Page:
The Modernity of Voices: A Comparative Study of Gramophone Records Distributed in Taiwan, Shanghai and Japan
This project examines gramophone records distributed in Taiwan and Shanghai by Japanese record companies prior to 1945. Its aim is to elucidate how these records influenced the development of the recording industry and music in these two places. The research will focus on vocal performances and songs recorded in East Asia. Besides numerous examples of storytelling, these early recordings also include speeches, film dialogs, and theatrical performances, as well as music.
Through working with such vocal recordings, the research will focus primarily on two points.
First, by comparing recordings sold in Taiwan, Shanghai, and Japan, we identify the distinctive musical tastes of each region, their similarities, and the aspects in which each region is unique, as well as the connections between them.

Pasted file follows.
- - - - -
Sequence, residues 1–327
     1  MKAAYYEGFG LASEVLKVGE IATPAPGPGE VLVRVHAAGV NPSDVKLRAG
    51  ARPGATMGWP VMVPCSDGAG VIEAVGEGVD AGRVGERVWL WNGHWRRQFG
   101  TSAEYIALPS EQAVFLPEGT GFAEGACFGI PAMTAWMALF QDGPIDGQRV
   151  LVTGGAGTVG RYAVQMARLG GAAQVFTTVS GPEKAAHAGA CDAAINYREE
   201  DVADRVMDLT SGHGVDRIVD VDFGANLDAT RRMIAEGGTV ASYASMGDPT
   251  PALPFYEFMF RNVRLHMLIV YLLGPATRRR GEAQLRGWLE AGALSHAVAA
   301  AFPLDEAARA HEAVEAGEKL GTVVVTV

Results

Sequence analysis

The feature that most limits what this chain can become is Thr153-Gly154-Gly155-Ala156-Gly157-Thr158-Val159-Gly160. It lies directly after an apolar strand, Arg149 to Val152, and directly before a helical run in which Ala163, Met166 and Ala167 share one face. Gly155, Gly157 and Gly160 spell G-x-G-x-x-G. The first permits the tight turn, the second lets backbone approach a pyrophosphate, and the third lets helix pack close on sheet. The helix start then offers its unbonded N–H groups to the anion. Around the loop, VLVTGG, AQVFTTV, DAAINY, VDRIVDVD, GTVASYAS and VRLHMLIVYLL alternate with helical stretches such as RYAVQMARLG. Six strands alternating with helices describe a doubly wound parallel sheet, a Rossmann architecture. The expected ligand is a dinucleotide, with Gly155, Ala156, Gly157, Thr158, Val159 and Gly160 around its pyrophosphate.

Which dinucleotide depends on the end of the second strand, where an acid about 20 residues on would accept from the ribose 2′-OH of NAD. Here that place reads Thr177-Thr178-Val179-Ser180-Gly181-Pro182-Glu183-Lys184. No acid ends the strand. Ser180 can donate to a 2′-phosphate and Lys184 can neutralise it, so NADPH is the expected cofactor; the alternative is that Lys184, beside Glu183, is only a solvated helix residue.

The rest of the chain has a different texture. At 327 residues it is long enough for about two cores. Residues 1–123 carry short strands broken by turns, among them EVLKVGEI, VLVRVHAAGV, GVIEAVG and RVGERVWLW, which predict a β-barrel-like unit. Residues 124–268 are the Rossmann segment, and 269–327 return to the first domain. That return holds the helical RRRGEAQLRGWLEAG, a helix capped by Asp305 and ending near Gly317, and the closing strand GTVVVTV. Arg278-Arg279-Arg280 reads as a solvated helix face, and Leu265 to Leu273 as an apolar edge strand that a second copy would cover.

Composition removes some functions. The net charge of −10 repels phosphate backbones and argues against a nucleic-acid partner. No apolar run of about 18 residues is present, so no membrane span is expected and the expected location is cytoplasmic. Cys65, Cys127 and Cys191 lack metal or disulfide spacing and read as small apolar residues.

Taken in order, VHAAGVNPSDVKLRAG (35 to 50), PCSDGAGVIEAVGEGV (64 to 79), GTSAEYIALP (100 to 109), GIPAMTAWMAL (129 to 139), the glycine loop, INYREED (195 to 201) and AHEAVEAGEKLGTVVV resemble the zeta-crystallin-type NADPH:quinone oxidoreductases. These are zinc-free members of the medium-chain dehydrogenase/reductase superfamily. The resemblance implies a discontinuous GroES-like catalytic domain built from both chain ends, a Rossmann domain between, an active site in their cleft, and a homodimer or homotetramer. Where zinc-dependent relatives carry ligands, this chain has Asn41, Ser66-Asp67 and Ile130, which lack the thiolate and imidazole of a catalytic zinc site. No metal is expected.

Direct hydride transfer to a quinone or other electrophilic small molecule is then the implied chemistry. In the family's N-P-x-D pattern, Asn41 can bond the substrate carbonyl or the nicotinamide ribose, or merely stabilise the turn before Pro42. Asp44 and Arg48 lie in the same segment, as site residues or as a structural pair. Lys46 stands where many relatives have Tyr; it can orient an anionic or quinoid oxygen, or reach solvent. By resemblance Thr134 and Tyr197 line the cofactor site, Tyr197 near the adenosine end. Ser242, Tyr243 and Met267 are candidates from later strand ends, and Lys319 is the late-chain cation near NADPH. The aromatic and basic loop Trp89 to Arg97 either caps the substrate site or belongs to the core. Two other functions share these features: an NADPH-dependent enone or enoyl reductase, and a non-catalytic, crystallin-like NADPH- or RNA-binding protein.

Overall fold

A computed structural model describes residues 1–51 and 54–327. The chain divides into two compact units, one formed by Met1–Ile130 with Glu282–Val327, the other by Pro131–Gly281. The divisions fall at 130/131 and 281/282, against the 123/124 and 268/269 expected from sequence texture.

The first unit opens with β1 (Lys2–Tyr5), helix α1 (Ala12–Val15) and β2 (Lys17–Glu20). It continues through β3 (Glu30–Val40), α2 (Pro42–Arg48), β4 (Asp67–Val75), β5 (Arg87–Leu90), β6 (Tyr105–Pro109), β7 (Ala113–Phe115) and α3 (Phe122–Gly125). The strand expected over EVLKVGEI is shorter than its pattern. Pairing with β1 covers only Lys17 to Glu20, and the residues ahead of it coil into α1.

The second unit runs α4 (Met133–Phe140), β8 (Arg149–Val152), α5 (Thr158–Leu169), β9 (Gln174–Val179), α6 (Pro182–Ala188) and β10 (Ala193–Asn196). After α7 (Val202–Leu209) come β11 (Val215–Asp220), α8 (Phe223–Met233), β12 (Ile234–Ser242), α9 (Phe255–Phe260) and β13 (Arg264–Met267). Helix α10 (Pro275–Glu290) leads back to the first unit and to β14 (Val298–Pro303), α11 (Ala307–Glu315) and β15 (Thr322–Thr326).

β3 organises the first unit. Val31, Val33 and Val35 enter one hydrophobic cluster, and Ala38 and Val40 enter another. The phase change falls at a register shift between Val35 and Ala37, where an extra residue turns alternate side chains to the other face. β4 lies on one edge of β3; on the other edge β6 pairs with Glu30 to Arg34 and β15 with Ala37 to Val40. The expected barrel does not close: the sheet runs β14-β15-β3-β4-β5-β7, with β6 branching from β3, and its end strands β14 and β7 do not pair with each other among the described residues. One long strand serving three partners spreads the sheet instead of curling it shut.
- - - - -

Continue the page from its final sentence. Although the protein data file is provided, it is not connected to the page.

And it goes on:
Second, we examine how the society, culture and music of each region influenced its respective recording industry.
The musical cultures of Taiwan and Shanghai share many similar features, and consequently the lists of recordings from these regions overlap substantially. There are, however, significant differences in record production between Taiwan, where the record industry was set up and controlled by Japanese companies. In Shanghai, European and American labels financed the beginnings of the music industry after which Japanese companies arrived and built their business. A comparison of records from Taiwan and Shanghai will, we believe, illuminate the influence of media development, Japanese control, and interregional contact in the modern history of music in East Asia.